Among Democrats, education has emerged as a key dividing line on economic policy. Ms. Warren’s tax is overwhelmingly popular (86 percent support) with Democratic voters who have graduate degrees. Among voters with a high school diploma or less, the policy is still popular, but meaningfully less so, drawing 75 percent support.

Accordingly, less-educated voters are also less likely to say they favor Ms. Warren on the economy. That fits with other polling that has found the Massachusetts senator struggling to win over voters without a college degree.

Strikingly for a candidate who has put so much emphasis on the economy, Ms. Warren is viewed with caution by voters who care the most about the economy, and by those who are most worried about it. Among Democrats who say they are “very concerned” about losing their job, for example, 15 percent say they would trust Ms. Warren most on the economy out of all the Democratic candidates, compared with 23 percent of other Democratic voters.

Those struggles for Ms. Warren may partly reflect another important divide in the Democratic electorate: race. Black and Hispanic voters tend to rate the economy more highly as an issue than their white counterparts. They are also less likely to trust Ms. Warren on the economy.

Black and Hispanic voters are more likely to choose former Vice President Joseph R. Biden Jr. as the candidate they would trust on the economy. So are voters who say they are concerned about their jobs or their economic prospects. But voters’ preferences don’t fall neatly along ideological lines: Those same groups also tend to give high ratings to Mr. Sanders, who is closer to Ms. Warren than to Mr. Biden on most policy matters.

The survey suggests that the newest member of the Democratic field, former Mayor Michael R. Bloomberg of New York, may have at least a narrow opening with voters on economic issues. About 6 percent of Democrats said they trusted Mr. Bloomberg most on the economy, putting him outside the four-person top tier (Mr. Biden, Ms. Warren, Mr. Sanders and Mayor Pete Buttigieg of South Bend, Ind.) but ahead of the rest of the field.

Mr. Bloomberg drew less support on his handling of health care and international affairs, however. The other late entrant to the race, former Gov. Deval Patrick of Massachusetts, was well outside the top tier of candidates on all three issues. The findings on that question came after Mr. Patrick entered the race and after Mr. Bloomberg filed paperwork for a presidential bid; he formally announced his candidacy later in the month.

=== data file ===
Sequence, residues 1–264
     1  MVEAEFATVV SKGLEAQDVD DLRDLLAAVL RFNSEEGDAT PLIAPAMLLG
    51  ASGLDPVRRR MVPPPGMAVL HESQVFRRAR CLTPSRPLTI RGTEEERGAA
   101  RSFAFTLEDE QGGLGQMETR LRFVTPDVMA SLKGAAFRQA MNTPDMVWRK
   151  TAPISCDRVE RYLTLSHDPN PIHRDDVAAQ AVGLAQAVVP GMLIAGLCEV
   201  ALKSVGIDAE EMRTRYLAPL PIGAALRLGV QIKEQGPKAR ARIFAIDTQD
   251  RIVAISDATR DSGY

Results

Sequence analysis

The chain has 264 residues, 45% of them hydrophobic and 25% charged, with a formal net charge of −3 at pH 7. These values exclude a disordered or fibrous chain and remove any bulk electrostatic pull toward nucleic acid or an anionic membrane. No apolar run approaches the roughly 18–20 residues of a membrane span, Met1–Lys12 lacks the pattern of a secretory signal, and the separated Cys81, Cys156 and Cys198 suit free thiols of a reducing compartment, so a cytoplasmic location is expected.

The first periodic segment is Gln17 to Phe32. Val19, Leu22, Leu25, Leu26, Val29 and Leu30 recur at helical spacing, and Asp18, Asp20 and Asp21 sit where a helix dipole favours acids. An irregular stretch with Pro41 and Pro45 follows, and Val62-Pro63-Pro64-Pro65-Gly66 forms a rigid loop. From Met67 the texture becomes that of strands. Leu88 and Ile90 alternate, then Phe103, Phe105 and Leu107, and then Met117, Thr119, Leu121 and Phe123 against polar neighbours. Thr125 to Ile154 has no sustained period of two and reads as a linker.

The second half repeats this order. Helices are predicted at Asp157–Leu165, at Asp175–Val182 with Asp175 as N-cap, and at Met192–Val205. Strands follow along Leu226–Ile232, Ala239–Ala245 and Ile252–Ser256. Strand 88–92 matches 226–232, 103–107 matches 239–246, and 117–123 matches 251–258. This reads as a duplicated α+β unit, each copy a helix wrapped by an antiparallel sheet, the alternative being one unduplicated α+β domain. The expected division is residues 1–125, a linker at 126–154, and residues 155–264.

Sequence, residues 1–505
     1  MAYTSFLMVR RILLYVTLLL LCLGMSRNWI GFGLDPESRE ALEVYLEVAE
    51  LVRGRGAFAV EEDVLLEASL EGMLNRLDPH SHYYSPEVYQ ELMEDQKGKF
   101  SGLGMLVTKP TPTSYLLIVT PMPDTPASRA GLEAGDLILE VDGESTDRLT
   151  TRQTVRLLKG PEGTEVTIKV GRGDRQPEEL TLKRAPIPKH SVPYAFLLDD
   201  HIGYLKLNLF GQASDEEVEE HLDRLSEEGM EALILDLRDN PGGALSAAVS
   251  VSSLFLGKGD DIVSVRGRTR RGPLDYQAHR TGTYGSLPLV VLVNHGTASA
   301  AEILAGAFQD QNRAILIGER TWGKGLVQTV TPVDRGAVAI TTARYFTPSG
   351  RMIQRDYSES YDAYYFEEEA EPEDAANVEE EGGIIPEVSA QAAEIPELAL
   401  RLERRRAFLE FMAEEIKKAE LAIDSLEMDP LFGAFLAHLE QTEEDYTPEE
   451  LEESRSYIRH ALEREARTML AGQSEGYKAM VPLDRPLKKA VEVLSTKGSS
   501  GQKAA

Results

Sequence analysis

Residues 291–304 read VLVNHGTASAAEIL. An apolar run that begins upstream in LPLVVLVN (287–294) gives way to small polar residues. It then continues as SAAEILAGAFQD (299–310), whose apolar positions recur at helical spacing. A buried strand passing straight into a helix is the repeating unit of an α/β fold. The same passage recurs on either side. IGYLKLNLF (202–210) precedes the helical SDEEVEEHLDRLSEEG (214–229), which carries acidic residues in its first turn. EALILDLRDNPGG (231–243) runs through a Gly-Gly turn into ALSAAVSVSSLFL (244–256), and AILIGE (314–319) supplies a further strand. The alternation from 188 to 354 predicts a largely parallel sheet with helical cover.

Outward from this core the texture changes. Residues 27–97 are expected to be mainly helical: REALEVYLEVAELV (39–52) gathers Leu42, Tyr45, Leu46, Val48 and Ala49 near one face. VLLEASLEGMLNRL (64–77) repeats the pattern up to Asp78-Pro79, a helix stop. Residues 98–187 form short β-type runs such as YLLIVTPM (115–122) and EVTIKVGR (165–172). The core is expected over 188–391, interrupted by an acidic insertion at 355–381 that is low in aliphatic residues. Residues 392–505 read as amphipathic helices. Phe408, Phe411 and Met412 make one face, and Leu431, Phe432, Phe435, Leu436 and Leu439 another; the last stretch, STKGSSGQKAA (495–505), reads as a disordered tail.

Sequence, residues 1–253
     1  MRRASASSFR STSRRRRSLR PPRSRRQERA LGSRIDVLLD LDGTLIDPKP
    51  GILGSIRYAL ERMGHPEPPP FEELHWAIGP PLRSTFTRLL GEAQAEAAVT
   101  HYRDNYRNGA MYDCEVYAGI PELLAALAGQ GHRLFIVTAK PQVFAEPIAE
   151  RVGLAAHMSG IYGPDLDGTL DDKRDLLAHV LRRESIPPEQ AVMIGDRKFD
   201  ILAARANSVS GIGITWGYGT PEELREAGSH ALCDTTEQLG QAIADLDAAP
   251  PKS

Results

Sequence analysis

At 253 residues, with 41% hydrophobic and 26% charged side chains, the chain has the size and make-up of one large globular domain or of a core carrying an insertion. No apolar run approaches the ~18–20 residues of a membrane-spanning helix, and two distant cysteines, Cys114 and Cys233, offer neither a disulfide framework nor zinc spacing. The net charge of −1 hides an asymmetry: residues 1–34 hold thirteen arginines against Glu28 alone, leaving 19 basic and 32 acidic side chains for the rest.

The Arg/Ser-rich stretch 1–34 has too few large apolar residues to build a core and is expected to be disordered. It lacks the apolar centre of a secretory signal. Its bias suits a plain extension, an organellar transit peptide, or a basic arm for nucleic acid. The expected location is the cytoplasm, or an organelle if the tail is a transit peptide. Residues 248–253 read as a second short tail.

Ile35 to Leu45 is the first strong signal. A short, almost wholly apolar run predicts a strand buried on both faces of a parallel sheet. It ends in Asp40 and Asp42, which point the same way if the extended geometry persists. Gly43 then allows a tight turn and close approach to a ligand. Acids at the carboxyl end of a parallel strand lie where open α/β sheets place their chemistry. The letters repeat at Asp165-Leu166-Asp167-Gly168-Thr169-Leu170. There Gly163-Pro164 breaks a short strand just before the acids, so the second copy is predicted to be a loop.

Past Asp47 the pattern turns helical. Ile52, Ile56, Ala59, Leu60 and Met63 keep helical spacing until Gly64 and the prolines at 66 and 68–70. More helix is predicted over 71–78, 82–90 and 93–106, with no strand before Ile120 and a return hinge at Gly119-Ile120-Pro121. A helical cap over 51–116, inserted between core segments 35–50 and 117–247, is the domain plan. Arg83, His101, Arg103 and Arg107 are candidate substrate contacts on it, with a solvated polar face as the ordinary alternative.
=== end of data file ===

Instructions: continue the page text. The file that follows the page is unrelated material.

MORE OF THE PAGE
Apart from taxes, health care policy has been perhaps the most significant point of disagreement among the Democratic candidates. Among the top tier of candidates, Mr. Sanders and Ms. Warren have emphasized their support for a government-run insurance system that they call Medicare for all, while Mr. Biden and Mr. Buttigieg have argued for less significant changes to the existing system.

Compared with the wealth tax, Medicare for all is a much more partisan issue. Republicans strongly oppose the idea; Democrats even more strongly support it. (Independents support it, too, but by a narrower margin.)

And Medicare for all doesn’t divide Democrats the way the wealth tax does. Democrats of all ages, races and education and levels support the policy by similar margins.


About the survey: The data in this article came from an online survey of 2,672 adults conducted by the polling firm SurveyMonkey from Nov. 4 to Nov. 11. A supplemental survey of 2,489 adults was conducted from Nov. 14 to Nov. 17 to collect more data on opinions of the Democratic candidates; that survey did not ask about taxes or health care policy.

In both cases, SurveyMonkey selected respondents at random from the nearly three million people who take surveys on its platform each day. Responses were weighted to match the demographic profile of the population of the United States. The primary survey has a modeled error estimate (similar to a margin of error in a standard telephone poll) of plus or minus three percentage points, so differences of less than that amount are statistically insignificant.